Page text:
Although the immediate issue of the court’s disputed subject matter jurisdiction, based upon the uploading of an incorrect commencing document in New York’s new e-filing system, does not appear to have been directly addressed by any court, the Appellate Division Second Department has recently articulated that the courts are permitted to correct a mistake caused in large part, by the glitches in the new e-filing system and counsel’s unfamiliarity with it. Upon review of the e-filed confirmation document issued to plaintiffs’ counsel on November 11, 2013, and the documents submitted in support of and in opposition to the motion, it is clear that on November 11, 2013, plaintiffs’ counsel electronically commenced a new action, properly identified [the defendant] in the e-filing system, paid the proper fee for an index number, uploaded a document identified as a “summons with notice” in the e-filing system, served [the defendant] with the proper Summons With Notice the following day, properly uploaded an affidavit of service for the Summons With Notice with the corresponding index number purchased, and promptly uploaded the correct Summons With Notice upon learning of the initial filing error. Further, even the Kings County Clerk, which reviewed the Initial Filing on November 11, 2013, did not notice the error or notify the plaintiffs that a correction was necessary as is their standard procedure pursuant to the Kings County Supreme Court Protocol on Courthouse Procedures for Electronically Filed Cases (Revised February 17, 2012). The only error in commencing this action was the selection of the wrong file on plaintiffs’ counsel’s computer when prompted by the e-filing system to select the file to be uploaded. Accordingly, the plaintiffs’ counsel’s uploading of the Summons With Notice was performed in a mistaken manner and method and, pursuant to CPLR 2001, the court may correct the mistake. Alternatively, since defendant has not articulated any prejudice that would result, the Court may be required to disregard the error court permitted to disregard plaintiff’s error.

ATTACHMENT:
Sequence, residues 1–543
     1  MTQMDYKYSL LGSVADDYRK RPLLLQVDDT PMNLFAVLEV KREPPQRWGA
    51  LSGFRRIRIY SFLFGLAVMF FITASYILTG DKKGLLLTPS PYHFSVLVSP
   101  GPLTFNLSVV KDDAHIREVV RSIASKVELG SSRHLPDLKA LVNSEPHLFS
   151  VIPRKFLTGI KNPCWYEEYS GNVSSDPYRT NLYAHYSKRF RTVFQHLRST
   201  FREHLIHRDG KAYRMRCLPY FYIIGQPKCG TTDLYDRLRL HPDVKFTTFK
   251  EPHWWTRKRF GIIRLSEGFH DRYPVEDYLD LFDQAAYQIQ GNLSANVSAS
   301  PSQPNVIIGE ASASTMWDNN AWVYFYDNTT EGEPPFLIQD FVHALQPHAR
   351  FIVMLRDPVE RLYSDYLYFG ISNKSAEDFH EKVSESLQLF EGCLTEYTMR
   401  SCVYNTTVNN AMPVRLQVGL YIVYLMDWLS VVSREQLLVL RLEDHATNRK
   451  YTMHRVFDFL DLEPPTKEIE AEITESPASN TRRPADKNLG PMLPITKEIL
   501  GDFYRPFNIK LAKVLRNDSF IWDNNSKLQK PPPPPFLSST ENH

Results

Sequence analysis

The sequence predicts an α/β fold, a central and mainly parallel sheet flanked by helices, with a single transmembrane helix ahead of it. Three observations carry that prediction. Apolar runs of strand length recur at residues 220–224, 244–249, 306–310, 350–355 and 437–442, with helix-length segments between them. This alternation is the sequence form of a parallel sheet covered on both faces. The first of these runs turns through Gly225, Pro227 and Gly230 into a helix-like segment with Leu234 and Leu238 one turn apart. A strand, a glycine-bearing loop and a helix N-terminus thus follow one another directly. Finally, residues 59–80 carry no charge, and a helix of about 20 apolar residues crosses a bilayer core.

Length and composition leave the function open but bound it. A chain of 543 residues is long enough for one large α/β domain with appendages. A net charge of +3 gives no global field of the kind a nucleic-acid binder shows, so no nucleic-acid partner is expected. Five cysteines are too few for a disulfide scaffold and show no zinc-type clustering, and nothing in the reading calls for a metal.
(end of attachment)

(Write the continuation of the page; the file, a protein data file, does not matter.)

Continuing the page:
Defendant’s contention that this court does not have subject matter jurisdiction to address the filing error, pursuant to CPLR 2001, is unavailing. In Goldenberg [v. Westchester County Health Care Corp., 16 N.Y.3d 323 (2011),] the Court of Appeals held that it was the plaintiff’s “complete failure to file within the statute of limitations” which prohibited the trial judge from correcting or disregarding an error pursuant to CPLR 2001. However, the Court specifically noted that it, “[did] not address whether the trial judge would have possessed discretion under CPLR 2001 to make allowances for or ignore the differences between the proposed and served complaints if a summons had, in fact, been filed” [Goldenberg, 16 N.Y.3d at 328 n.4]. Although defendant cites to Miller [v. Waters, 51 A.D.3d 113] for the assertion that, “[CPLR 2001] was not intended to allow courts to create subject matter jurisdiction where it does not exist,” [id. at 117], in Macleod [v. County of Nassau, 75 A.D.3d 57 (2d Dep’t 2010)], the Appellate Division, Second Department specifically noted the holding in Miller and found that where a plaintiff improperly filed a complaint in a separate proceeding, and failed to pay the filing fee or obtain an index number, as is required pursuant to CPLR 304, the court maintained subject matter jurisdiction. [See MacLeod, 75 A.D.3d at 65]. Further, the remaining cases cited by defendant, where it was determined that a court did not have subject matter jurisdiction, are distinguishable from the present action as those commencing parties completely failed to file a pleading, as opposed to the present action in which the plaintiffs mistakenly selected an incorrect file when uploading the pleading.
This case is a cautionary tale for all commercial litigators to exercise care in using the e-filing system. Counsel should not assume that the clerk’s office will correct mistakes, which, especially when made at the commencement stage, can have serious consequences.